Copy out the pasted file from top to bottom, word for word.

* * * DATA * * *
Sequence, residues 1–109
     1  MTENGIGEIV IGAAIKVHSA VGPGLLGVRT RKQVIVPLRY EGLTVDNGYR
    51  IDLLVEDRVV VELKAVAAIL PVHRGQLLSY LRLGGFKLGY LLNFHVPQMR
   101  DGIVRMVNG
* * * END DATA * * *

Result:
Sequence, residues 1–109
     1  MTENGIGEIV IGAAIKVHSA VGPGLLGVRT RKQVIVPLRY EGLTVDNGYR
    51  IDLLVEDRVV VELKAVAAIL PVHRGQLLSY LRLGGFKLGY LLNFHVPQMR
   101  DGIVRMVNG